In March, a group of researchers announced the results of a multi-year study assessing the impacts to caribou habitat of a potential service road from the Dalton Highway to the Ambler Mining District.Download AudioTheir research is one of the first wildlife biology studies looking at whether a road through a stretch of the Interior would disrupt the Western Arctic Caribou Herd, which is vital to subsistence users across Western Alaska.Kyle Joly is with the National Park Service, which, along with the Wilderness Society and U.S. Geological Survey, conducted the study. He says the results showed minimal effects from a road on the areas where caribou spend their winters.“We do not expect that impacts to winter range will be great from this one road,” he said.But Joly is quick to caution that the results are one small glimpse of the full picture.“You know this is just the first phase of the project, and the authors of the paper and other researchers are working on other aspects to look at how the road might impact other aspects of caribou ecology,” Joly said. “More than likely this will be just be the first one in a long suite of studies.”The study looked at a swath of land starting by Bettles, and moving westward towards the community of Ambler in the Northwest Arctic Borough. That’s the path proposed by the Alaska Industrial Development and Export Authority as part of a Roads to Resources project.Joly and his research partners spent four years monitoring where caribou spend their time, and cataloging the environmental factors that led the animals to pick those spots. The researchers mapped three potential routes the industrial road could go, then checked how big of a disturbance each one would be to the conditions caribou seem to like.Joly says the results showed just 1.5-8.5 percent of the favorable range would be upset by the road. But he’s cautious about what that means for development.“Well what shouldn’t be read into it is that there’s no impact to the caribou or the Western Arctic herd,” Joly said. “What we did is look at just one aspect of caribou ecology, which is winter range—just for this singular road”Many of the ecological effects on caribou, Joly says, wouldn’t register until after a road were built, and can’t yet be studied.“So we did not look at any potential impacts to migration, any potential impacts of increased harvest that might come from a road, and we also didn’t look at any potential development that might be facilitated by this road,” Joly said.The caribou habitat study is set to be published in the journal Arctic later this year.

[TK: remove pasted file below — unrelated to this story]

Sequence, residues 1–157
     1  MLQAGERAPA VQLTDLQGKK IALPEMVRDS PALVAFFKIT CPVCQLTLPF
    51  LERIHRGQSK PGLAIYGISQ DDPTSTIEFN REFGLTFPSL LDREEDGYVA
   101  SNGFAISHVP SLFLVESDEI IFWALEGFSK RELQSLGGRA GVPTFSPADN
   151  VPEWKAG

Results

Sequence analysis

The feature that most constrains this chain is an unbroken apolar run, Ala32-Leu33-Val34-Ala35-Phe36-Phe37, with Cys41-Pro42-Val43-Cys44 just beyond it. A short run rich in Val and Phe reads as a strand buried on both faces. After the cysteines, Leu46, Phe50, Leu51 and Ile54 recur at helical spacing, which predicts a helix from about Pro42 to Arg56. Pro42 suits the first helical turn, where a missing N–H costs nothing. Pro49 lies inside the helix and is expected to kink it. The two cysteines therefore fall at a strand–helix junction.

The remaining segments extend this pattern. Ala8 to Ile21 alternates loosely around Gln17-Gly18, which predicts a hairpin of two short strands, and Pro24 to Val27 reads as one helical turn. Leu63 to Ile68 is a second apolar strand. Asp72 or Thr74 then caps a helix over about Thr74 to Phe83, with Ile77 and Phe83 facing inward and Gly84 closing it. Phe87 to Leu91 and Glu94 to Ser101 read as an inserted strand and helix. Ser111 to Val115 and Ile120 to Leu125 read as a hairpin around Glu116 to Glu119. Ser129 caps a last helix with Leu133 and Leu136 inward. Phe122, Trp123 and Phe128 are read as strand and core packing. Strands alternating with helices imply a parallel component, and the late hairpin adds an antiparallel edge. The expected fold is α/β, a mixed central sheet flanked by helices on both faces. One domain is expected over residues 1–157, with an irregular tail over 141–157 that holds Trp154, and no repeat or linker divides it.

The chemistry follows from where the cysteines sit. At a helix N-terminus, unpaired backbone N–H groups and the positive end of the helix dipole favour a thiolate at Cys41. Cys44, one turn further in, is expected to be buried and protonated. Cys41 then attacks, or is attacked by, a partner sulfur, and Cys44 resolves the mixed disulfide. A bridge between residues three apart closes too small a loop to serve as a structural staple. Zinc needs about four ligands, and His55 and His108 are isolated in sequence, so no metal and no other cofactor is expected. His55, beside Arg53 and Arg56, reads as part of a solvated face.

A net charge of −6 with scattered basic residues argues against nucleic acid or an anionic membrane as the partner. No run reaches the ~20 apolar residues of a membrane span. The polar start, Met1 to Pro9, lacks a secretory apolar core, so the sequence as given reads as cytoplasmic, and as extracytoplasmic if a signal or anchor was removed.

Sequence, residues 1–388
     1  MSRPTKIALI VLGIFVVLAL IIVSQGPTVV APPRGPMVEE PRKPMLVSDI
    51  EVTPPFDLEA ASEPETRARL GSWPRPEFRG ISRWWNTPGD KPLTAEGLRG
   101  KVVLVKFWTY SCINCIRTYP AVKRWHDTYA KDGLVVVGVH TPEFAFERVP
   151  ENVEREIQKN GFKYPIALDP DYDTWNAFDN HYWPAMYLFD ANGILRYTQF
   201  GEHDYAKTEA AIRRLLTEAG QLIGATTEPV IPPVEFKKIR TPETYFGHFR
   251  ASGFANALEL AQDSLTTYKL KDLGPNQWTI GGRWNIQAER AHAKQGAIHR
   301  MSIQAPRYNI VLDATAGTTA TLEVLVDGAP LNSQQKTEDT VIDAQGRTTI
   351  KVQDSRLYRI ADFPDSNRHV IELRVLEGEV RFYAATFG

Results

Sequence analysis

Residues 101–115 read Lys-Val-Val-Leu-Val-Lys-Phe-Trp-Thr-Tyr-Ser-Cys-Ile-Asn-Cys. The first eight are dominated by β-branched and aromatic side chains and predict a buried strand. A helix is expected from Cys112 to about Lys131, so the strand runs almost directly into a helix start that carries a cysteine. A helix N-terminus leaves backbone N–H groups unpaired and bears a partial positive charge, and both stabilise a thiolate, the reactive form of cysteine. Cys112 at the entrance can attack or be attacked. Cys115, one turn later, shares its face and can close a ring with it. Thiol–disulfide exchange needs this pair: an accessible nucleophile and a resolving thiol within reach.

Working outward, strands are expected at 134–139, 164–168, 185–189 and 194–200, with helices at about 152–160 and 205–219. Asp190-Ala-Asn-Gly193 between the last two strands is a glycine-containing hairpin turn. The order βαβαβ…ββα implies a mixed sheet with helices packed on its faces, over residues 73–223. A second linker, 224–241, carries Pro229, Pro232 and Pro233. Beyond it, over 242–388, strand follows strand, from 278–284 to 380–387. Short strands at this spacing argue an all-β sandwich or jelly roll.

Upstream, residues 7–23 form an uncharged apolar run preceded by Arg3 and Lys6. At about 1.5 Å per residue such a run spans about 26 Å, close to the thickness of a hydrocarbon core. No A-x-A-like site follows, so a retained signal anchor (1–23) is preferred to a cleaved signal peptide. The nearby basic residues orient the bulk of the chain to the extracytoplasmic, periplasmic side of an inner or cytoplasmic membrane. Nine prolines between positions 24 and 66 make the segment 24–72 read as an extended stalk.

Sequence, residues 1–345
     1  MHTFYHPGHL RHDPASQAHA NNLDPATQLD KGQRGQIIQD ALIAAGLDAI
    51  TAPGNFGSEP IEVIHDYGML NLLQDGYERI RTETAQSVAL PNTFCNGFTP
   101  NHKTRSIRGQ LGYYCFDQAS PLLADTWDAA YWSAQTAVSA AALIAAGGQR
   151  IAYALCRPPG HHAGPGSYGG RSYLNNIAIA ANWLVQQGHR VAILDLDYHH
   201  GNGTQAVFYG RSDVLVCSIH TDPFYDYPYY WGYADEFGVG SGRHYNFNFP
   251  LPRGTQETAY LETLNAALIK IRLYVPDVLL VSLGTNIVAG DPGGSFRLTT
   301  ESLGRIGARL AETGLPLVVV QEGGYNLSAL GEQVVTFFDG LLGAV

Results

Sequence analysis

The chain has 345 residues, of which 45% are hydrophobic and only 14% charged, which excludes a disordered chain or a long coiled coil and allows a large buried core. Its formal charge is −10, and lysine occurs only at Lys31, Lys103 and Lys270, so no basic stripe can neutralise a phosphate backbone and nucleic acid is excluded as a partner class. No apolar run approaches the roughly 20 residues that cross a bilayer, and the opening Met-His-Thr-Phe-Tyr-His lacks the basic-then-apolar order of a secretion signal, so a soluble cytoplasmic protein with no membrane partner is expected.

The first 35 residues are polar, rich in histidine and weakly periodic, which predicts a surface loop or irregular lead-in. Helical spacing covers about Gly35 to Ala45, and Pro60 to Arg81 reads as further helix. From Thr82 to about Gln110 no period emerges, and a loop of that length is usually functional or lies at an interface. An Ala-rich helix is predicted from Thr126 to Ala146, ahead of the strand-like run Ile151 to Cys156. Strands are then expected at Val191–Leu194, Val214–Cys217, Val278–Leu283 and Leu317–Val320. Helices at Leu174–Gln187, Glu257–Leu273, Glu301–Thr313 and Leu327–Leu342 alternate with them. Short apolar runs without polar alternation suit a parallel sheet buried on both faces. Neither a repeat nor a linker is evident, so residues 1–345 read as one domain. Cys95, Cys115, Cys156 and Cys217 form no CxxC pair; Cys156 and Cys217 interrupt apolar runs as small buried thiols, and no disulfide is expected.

Today, seemingly more than ever before, climate change is a hot topic of almost any political and social debate. Is our modern lifestyle artificially interfering with the climate or is it a natural occurrence independent from human activity? The debate rages on. However, climate abnormalities are not something humanity is encountering for the first time. A historical episode that shows another dark environmental period of the Earth is the year 1816, known in history as the “Year Without a Summer”, “Poverty Year” or “Eighteen Hundred and Froze to Death.”According to USA Today, this extremely harsh year caused average global temperatures to decrease by 32-33 °F (0.4–0.7 °C). It brought snow in the middle of June followed by a freezing winter in July and August. This extraordinary weather change destroyed crops and the food supply became so scarce that countless people in North America and Europe suffered a great famine. In fact the Year Without a Summer is the sixth-deadliest disaster in Great Britain and Ireland by death toll (65,000).1816 summer temperature anomaly compared to average temperatures from 1971–2000. Photo by Giorgiogp2 CC BY-SA 3.0One of the claimed scientific reasons for this climate anomaly was the biggest volcanic eruption in history which took place in Indonesia on Mount Tambora in 1815. The aftermath of this event resulted in large quantities of dust and ash leaking into the atmosphere causing a serious change decrease in temperatures.The resulting famine spread deadly diseases far and wide so people were forced to move away from their homes.Experts and scientists claim that this black scenario could possibly happen again due to the fact that volcanoes still erupt and no one can be certain when the next big eruption is going to happen.The 1815 Mount Tambora eruption. The red areas are maps of the thickness of volcanic ashfall. CC BY-SA 3.0Considering this, any big eruption may prove to be far more fatal than any man-made ecological catastrophes.The tragic events of the year 1816 were also sealed in the pages of the book “The Year without Summer” by William B. Klingaman and co-author Nicholas P. Klingaman. The latter stated at the time that humanity is still unable to predict volcano eruptions and their destructive potential can only increase.The yellow skies typical of summer 1815 had a profound impact on the paintings of J.M.W. TurnerUSA Today reports that according to Klingman’s book, the eruption of Tambora is “by far the deadliest volcanic eruption in human history, with a death toll of at least 71,000 people, 12,000 of whom were killed directly by the eruption. And this doesn’t take into account the indirect deaths caused by the resulting famine.The volcano spewed out enough ash and pumice to cover a square area of 100 miles on each side with a depth of almost 12 feet. NASA also confirms that an eruption can cool a particular area and spread sulfur dioxide into the stratosphere where it then forms sulfate aerosols due to its reaction with water vapor.Turner’s classic sunset paintings were inspired by dust from volcanic eruptions including at Mount Tambora. This is the “Chichester Canal” (1828)The aerosols are highly durable and cool the surface of the Earth by reflecting sunlight.The heavy June snowstorms that year not only killed most of the crops but also froze many birds to death as well as other animals. Two months later, the freeze in August hit even harder, forcing people to survive in dreadful ways by eating pigeons, raccoons and other unsavory snacks.When The Arctic Warms, Extreme US Weather Is More FrequentThe Year Without Summer transformed many of Europe’s communities into impoverished crowds who, on top of that, had to fight a typhus epidemic.Dark storm clouds on a deserted dirt road. Many people had to flee their homes due to the ravages caused by the summerless year.After reading this unpleasant chapter in Earth’s natural history, one would naturally wonder when humanity can expect a return of this cruel climate episode. According to Klingaman, though eruptions like Tambora happen once every 1,000 years, smaller eruptions aren’t less of a problem.For example, the 1991 Pinatubo eruption cooled the Earth’s surface by nearly 34 °F (1 °C).1991 Mount Pinatubo eruptionTaking into account that today’s global temperatures are steadily increasing, it is understandable that a huge eruption could result in a network of disasters. USA Today adds that if it were to ever happen, it would be temporary and the warming would take up to several years to reappear again.Read another story from us: UK Heatwave Reveals Ancient Archaeological Sites Throughout BritainInterestingly, The Year without Summer had one positive effect. It inspired the British painter J.M.W Turner who painted breathtaking landscapes of the sunset after the Tambora eruption. The painting is named “The Lake, Petworth: Sunset, Fighting Bucks” and according to the Daily Mail it was painted many years after Tambora, presenting volcanic ash and gas in the sky under the warm colors of the sunset.